Cluster headaches often occur at night and usually cause sudden pain on one side of your head – often around the eye.
They can happen several times a day for a period of time, then disappear for months or years.
If you get cluster headaches, try to identify the triggers and avoid those things. If they become a problem, see your doctor.
Cluster headaches usually cause sudden, extreme pain on only one side of your head, often around or behind the eye.
They often occur at night and can last anywhere from 30 minutes to several hours.
Cluster headaches may happen several times a day for 4 to 12 weeks, then disappear for months or years.
Related symptoms include a stuffy or runny nose, watery eyes and redness in your painful eye.
It isn't known what causes cluster headaches. They happen in men more often than women, and in middle-aged persons more than younger or older people. They don't seem to run in families, as migraines do.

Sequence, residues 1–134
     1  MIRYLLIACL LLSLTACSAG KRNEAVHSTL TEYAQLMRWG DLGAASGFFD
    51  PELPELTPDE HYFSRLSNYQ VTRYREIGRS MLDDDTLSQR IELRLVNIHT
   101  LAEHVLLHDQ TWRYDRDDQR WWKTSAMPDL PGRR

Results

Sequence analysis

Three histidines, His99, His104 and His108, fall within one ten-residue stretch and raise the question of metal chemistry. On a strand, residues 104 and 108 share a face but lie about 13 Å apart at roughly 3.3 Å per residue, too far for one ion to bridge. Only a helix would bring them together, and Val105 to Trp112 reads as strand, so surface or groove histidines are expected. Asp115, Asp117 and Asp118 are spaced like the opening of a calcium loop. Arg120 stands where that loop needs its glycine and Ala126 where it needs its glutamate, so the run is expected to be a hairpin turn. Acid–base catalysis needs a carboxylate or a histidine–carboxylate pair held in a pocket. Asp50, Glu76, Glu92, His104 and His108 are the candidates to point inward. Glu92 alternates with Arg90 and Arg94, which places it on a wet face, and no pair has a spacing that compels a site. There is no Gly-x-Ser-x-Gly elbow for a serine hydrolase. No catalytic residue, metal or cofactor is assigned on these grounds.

Some people find certain things can trigger cluster headaches. These include:
- bright or glaring lights
- certain foods
- lack of sleep.
Try to identify what happens before cluster headaches start, then avoid those triggers in the future.
You can get painkillers from a pharmacy – but make sure you read the instructions and precautions carefully. Aspirin, ibuprofen or paracetamol usually don't help – because usually the headache goes away before the pill starts working.
When to see your doctor
If your cluster headaches are frequent or you can't control them by avoiding triggers, see your doctor. There are some quick-acting medicines that you can inhale or spray in your nose to help with the pain, and there are other medicines that can help prevent the next headache. Your doctor can prescribe these for you.
If you have pain in or around an eye that doesn't go away, see your doctor to make sure you don't have a vision problem such as glaucoma.